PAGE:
Splitting time between her mother’s traditional country in the Northern Territory and her fathers’ family in the Sunshine Coast exposed younger Dank to racism. That stress of being judged and ‘othered’ meant she left her home country and moved to Dubai three years ago, where she set up Lajarri gallery.

“Racism’s everywhere but in Dubai, I’m the right kind of brown so I’m not painted with that same brush as I am in Australia. My brother came over for a holiday recently and said for the first time ‘I don't feel this stress bearing down on me with people looking at me like I've done something wrong or I'm going to take something. He’d never felt that before.”

Dubai’s also a great place to showcase Indigenous art and culture, in a city teeming with diversity. “People didn't know there are Indigenous Peoples in Australia.” She’s building awareness of Indigenous Australian art, picking pieces, and buying from art centres.

Lately she’s seen a lot more protesting art, artists painting about the effects of fracking or mining. “We still have this obsession with old Aboriginal men doing dot paintings,” she says, “which we should, but if we ignore that protest art around mining or side-line it, then that old Aboriginal man with that dot painting is not going to exist anymore. It's going to die out.”

“Fracking is a fight that we can't afford to lose,” says Dank. “I will fight till I get them. Even if I’m an old woman and I die, we will still fight. Because it's not about me, it's about saving the country for our kids, and people.”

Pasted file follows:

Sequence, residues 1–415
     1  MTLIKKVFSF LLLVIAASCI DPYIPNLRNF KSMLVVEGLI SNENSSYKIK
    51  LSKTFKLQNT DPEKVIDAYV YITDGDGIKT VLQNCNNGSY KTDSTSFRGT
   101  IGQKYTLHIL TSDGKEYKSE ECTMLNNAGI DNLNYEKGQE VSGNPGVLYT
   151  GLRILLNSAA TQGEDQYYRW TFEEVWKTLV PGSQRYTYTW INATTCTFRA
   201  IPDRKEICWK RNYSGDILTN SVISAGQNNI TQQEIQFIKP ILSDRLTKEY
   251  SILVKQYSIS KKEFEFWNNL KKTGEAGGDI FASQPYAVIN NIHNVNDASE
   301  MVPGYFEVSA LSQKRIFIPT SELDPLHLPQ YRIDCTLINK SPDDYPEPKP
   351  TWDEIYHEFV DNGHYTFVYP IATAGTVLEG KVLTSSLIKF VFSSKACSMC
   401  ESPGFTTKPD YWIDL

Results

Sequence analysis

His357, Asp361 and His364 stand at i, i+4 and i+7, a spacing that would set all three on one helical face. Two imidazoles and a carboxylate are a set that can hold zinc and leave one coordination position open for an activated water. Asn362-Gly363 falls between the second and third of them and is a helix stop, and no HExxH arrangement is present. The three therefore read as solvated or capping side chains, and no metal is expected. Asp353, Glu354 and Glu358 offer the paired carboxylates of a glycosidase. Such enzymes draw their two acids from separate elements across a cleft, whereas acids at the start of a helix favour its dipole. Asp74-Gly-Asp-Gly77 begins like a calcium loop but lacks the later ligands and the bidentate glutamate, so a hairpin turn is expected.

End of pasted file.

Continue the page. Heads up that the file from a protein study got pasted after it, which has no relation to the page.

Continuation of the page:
In terms of looking after her own body on earth, she says the Gudanji way is to think of bodies, like the land, as precious. “We don't separate our bodies from our souls, our Goojiga (soul). We make sure we care for our bodies as we would care for our souls. We're all going to get old at some point and we can't stop that. And I think this obsession with keeping young is damaging to society.

We need to be grateful for the life that we have been given and for the opportunity to pass on our knowledge and give space to the next person coming along. We Gudanji people worry more about our ethics and how we treat people and whether we've left the earth a bit kinder than it was before. That’s our Gudanji Rrumburriya ethos."

The writer wishes to acknowledge the support of YWCA Aotearoa for their help and aroha with this series.

No items found.
Creativity, evocative visual storytelling and good journalism come at a price. Support our work and join the Ensemble membership program

Gundanji activist Rikki Dank uses art to fight fracking on Indigenous land

Illustration / Sara Moana

This is the final story in the 'Earth, Body & Soul' series of profiles showcasing incredible women who use their bodies to fuel their climate activism. This week, Rikki Dank.